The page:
Vagina and Internal Sex Organs
uterus (womb) is a hollow muscular organ shaped like an inverted
pear somewhat flattened front to back. It is about 7.5
centimeters (3 inches) long and 5 centimeters (2 inches) wide.
Anatomically the uterus consists of several parts. The inside
lining of the uterus (the endometrium) and the muscular
component of the uterus (the myometrium) have separate and
distinct functions. The inner lining changes during the
menstrual cycle and is where a fertilized egg implants at the
beginning of pregnancy. The muscular
facilitates labor and delivery.
Both aspects of uterine function are regulated by
chemicals called hormones, which also play a part in the growth
of the uterus during pregnancy.
uterus is held loosely in place in the pelvic cavity by six
angle of the uterus in relation to the vagina varies from woman
to woman; ordinarily, it is relatively perpendicular to the axis
of the vaginal canal, but in about 25 percent, it is tilted
farther forward. If
the uterus is rigidly fixed in position by scar tissue or
inflammation, it may be a source of pain during sexual activity,
requiring surgical correction.
fallopian tubes, or oviducts, begin at the uterus and extend
about 10 centimeters (4 inches) laterally. The far ends of the
Fallopian tubes are funnel-shaped and terminate in long
fingerlike extensions called fimbria, which hover near the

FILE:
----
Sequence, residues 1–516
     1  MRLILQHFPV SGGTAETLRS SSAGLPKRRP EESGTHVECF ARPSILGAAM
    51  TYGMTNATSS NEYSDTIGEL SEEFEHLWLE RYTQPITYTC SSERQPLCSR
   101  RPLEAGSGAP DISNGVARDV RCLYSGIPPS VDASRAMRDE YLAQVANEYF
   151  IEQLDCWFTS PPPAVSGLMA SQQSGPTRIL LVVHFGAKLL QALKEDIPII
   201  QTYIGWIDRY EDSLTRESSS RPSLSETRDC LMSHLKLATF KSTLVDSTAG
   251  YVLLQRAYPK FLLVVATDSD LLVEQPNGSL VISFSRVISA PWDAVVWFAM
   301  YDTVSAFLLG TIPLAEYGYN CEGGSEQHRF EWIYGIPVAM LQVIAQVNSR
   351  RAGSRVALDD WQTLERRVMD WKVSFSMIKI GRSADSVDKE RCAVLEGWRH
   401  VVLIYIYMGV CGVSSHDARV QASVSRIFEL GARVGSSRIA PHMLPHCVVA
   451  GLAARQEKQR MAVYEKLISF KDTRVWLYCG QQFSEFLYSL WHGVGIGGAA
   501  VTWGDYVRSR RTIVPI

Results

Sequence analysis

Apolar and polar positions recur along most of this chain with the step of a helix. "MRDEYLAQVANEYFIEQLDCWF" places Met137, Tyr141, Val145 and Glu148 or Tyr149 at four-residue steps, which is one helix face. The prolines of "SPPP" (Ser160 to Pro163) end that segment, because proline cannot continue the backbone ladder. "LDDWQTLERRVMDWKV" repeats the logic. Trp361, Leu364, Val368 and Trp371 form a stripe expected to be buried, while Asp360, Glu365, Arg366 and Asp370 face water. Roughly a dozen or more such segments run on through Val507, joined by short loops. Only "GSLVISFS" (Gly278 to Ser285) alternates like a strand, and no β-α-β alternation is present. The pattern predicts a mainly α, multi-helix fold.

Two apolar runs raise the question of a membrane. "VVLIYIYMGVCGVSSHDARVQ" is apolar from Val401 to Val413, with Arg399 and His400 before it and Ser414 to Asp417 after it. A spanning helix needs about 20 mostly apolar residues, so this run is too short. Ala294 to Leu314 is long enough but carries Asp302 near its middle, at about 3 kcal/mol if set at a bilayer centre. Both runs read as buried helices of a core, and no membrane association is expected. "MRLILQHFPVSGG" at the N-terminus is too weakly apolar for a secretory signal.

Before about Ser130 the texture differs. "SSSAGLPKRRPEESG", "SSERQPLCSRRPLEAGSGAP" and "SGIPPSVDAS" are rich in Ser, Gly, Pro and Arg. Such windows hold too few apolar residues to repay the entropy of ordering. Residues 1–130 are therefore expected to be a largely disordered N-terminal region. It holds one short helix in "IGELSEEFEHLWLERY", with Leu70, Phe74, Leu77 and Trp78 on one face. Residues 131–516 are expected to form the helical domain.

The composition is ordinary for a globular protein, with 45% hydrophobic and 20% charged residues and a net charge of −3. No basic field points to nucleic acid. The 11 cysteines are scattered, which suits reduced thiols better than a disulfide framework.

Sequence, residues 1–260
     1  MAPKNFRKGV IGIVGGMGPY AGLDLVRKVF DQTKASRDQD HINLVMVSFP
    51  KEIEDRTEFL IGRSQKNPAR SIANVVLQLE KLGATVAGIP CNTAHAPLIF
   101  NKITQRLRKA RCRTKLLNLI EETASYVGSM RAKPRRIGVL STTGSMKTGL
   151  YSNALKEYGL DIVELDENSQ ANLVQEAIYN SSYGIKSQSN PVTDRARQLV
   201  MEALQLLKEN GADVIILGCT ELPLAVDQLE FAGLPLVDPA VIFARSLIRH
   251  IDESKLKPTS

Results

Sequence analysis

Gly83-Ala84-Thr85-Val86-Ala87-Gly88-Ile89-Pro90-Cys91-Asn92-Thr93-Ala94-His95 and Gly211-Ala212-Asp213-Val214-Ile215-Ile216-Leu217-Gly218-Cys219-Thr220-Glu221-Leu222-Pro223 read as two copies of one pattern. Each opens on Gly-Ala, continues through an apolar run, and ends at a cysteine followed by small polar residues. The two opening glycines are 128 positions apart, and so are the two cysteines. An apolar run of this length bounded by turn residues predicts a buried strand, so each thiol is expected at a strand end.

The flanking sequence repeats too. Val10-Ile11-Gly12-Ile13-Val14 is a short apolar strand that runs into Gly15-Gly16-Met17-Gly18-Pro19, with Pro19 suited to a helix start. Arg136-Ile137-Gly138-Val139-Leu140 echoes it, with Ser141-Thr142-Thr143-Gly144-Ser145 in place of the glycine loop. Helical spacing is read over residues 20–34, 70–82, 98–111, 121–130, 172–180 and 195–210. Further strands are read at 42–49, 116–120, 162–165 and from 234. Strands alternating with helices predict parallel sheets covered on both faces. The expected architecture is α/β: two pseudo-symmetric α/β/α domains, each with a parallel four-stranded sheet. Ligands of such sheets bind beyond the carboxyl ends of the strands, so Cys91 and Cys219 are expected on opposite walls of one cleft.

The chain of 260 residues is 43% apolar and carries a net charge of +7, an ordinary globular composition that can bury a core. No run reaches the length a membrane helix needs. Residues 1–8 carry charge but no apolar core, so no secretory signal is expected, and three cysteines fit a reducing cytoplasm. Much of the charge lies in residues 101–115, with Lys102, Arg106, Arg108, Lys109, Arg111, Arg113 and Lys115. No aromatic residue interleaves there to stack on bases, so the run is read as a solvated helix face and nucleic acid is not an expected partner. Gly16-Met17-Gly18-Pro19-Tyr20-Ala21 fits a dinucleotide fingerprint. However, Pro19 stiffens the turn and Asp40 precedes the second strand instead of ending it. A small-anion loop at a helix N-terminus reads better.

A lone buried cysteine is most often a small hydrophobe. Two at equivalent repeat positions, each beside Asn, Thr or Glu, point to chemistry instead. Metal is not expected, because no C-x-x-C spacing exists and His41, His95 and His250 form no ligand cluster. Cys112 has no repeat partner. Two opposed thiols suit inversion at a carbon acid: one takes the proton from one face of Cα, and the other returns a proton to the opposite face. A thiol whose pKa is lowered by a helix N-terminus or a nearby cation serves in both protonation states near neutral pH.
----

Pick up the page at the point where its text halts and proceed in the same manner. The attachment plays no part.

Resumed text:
ovaries. The inside lining of the Fallopian tubes pick up eggs
produced and released by the nearby ovary and then serve as the
meeting ground for egg and sperm.
ovaries, or female gonads, are paired structures located on each
side of the uterus. About the size of unshelled almonds (about 3
x 2 x 1.5 centimeters, or 1.2 x 0.8 x 0.6 inches), they are held
in place by connective tissue that attaches to the broad
ligament of the uterus. The ovaries have two separate functions:
manufacturing hormones (most notably, estrogen and progesterone)
and producing and releasing eggs.
a baby girl is born, development of future eggs begins in her
just-forming ovaries. About halfway through her motherís
pregnancy, the girlís ovaries contain 6 or 7 million future
eggs, most of which degenerate before birth. About 400,000
immature eggs are present in the newborn girl, and no new eggs
are formed after this time. During childhood, continued
degeneration reduces the number of eggs still further. The
immature eggs are surrounded by a thin capsule of tissue forming
puberty arrives and girls begin to have menstrual cycles each
cycle is marked by a process of maturation in which some
immature eggs divide twice, splitting their genetic material in
half. Through this process, called meiosis, each young egg
divides into four cells, only one of which is a mature egg
(ovum). A mature egg is about 0.135 millimeters (1/175 inch) in
diameter and is surrounded by a zone of jellylike material
called the zona pellucida. A human egg is just barely visible,
appearing as a speck smaller than the period at the end of this
sentence. The other three cells, called polar bodies, have no
known function, and eventually degenerate.
a number of different follicles begin growing in each cycle,
usually only one develops to the point where it moves to the
surface of the ovary and ruptures, releasing the egg in a
process called ovulation. For every follicle that ovulates,
about a thousand undergo various degrees of growth and then
degenerate. Fewer than 400 follicles are usually involved in
ovulation during the femaleís reproductive years.